Wednesday, September 30, 2009
Yes, folks, coming to a town near you, your very own local paramilitary force.
Tuesday, September 29, 2009
Here are Steve Doocy and Judge Andrew Napolitano on the Massachusetts Forced Immunization Law on Monday's edition of Fox & Friends on Fox News Channel.
Monday, September 28, 2009
Sunday, September 27, 2009
The question I have is, are they our national treasure, or , a treasure for the super-rich?
Friday, September 25, 2009
Monday, September 21, 2009
Saturday, September 19, 2009
Friday, September 18, 2009
Thursday, September 17, 2009
Tuesday, September 15, 2009
Monday, September 14, 2009
Lesson number one is that the cops do not believe in your First Amendment rights, or any other rights of yours, for that matter. If they find it convenient for their own purposes, which often seem to include nothing more than throwing their weight around, they will yell at you, shove you, threaten you with night sticks, dogs, and horses, whack you with their clubs, and lob tear gas into your ranks. It’s all in a day’s work for those who have sworn “to serve and protect.” Best you remember, however, that the phrase is short for “serve and protect the state,” not for “serve you and protect your rights to life, liberty, and property.” Protecting your right to demonstrate peacefully against state policies is not part of the cops’ job description.
Lesson number two is that the people in the demonstrations are there for all sorts of reasons, despite what one might suppose from their announced issue(s) as signified by signs, banners, and group statements. I often bemoaned the lack of seriousness in many of the antiwar demonstrators with whom I marched. A great many of the younger ones seemed to be there mainly because demonstrating against the war was, literally, a sexy thing for a college student to do: at the demonstration, one might meet someone suitable for a not-very-subsequent sexual liaison – in plain language, participating in a demonstration served as a reasonably promising avenue to getting laid. Beyond this quite understandable motivation, however, people had all sorts of other reasons for participating. Some fancied themselves radicals out to overthrow the government. Others were worried that children, grandchildren, or other relatives and friends might be drafted, shipped to Vietnam, and killed. Some of us actually cared about the countless hundreds of thousands of Asians being slaughtered by U.S. forces for no good reason. Although we were all against the war in some way, our ways varied widely. The participants in most demonstrations, including the recent one in Washington, no doubt have this same heterogeneous quality. In a protest, however, the enemy of my enemy is my friend.
Lesson number three is that the mainstream media are in league with the government when they report on demonstrations. For example, they will minimize any violence the police use against the demonstrators and exaggerate any violence the demonstrators perpetrate. I recall one protest in particular, where our group included tens of thousands of marchers passing through the streets of downtown Seattle. The police, as usual, were out in force, lining the streets and salivating for a chance to crack some heads. Present also were the undercover agents with their cameras; for some reason, the authorities always wanted lots of photos of us dangerous protestors – college students, hippies, grandmothers, little kids in their mother’s arms, and so forth, all obviously dangerous subversives. At this particular protest, the organizers took great pains to instruct everybody about scrupulously avoiding any kind of violence, because we all knew that the media would use it to discredit everything about the event. So we maintained absolute order, or so I thought as I made my way through the streets somewhere in the middle of the long parade. No violence whatsoever did I see. Hooray! The next morning, however, the banner headline in the Seattle Times read, “Violence Mars Antiwar Demonstration.” Someone, it seems, had broken ranks and smashed a shop window, an occurrence so inconsequential that even I, positioned right in the middle of the affair, had not noticed it. This incident illustrates well what passes for journalistic impartiality and balance in this country. Rest assured that if you are bucking the system, the system’s guardians in the news media will smack you down by stigmatizing you as some sort of dangerous hooligan or totally out-of-touch wingnut. They’ll also minimize your group’s numbers, again seeking to marginalize and trivialize your efforts.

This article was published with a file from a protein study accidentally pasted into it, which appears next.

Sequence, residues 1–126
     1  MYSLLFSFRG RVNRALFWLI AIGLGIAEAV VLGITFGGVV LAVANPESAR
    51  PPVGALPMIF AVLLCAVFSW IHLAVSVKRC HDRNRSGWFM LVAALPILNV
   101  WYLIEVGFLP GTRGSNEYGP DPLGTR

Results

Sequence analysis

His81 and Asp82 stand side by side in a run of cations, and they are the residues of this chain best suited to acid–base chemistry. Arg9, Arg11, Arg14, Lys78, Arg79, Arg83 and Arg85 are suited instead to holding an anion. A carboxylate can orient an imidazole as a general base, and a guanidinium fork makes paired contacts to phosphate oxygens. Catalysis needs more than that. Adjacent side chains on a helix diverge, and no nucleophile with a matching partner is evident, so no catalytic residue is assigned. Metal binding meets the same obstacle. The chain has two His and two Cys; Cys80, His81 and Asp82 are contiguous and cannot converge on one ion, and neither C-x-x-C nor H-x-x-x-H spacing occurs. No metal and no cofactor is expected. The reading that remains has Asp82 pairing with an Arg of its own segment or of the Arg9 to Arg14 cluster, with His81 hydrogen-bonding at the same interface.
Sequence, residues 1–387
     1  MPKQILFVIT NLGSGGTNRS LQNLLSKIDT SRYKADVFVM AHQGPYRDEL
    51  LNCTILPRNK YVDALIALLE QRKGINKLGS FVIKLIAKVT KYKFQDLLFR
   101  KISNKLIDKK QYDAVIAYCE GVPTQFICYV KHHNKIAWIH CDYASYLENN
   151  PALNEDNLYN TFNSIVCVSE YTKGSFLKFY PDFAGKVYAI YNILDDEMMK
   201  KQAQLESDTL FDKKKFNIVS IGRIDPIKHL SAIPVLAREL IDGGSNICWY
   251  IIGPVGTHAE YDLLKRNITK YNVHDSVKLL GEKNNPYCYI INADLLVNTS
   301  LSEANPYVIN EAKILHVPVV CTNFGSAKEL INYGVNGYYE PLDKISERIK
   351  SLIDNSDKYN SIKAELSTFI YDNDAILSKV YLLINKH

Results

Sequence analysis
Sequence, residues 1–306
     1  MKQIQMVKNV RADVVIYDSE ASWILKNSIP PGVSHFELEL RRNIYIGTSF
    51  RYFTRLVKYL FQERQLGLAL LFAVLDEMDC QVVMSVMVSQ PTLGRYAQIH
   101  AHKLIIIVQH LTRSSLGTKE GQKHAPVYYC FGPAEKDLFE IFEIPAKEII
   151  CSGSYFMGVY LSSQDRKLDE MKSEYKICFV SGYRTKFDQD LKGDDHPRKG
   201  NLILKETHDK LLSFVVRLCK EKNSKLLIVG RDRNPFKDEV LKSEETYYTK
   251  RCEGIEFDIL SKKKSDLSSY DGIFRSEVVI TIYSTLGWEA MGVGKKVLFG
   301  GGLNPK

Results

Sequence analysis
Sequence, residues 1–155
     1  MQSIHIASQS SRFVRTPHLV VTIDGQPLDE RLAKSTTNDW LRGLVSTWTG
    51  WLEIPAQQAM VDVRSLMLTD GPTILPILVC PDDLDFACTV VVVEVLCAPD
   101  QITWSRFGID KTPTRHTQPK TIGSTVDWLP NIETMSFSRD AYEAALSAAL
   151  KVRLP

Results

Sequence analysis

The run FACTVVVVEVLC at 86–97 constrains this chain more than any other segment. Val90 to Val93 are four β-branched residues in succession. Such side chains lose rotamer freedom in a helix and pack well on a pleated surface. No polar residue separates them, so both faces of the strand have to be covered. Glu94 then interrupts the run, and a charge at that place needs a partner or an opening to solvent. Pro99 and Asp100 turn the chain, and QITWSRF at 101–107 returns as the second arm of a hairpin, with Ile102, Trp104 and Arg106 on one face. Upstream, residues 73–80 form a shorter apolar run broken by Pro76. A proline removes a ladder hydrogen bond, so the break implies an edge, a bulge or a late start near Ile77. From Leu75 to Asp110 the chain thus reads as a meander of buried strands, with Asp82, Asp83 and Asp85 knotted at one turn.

Lesson number four is that the powers that be don’t give a damn about your demonstrations or the reasons that have impelled you to participate in them, except to the extent that your actions create bad press for them and their policies. The minute they conclude that your demonstrations actually imperil their personal grip on power, they will cease to be so accommodating of your First Amendment rights. They might even cook up something called COINTELPRO, whereby they employ every political dirty trick in the book against you, up to and including murder. (If you suppose I’m exaggerating, I suggest you do some research on COINTELPRO and other such government schemes to violate the people’s civil rights systematically.) Nowadays, the USA PATRIOT Act lends itself splendidly to broad-gauge surveillance and disruption of peaceniks and other troublemakers.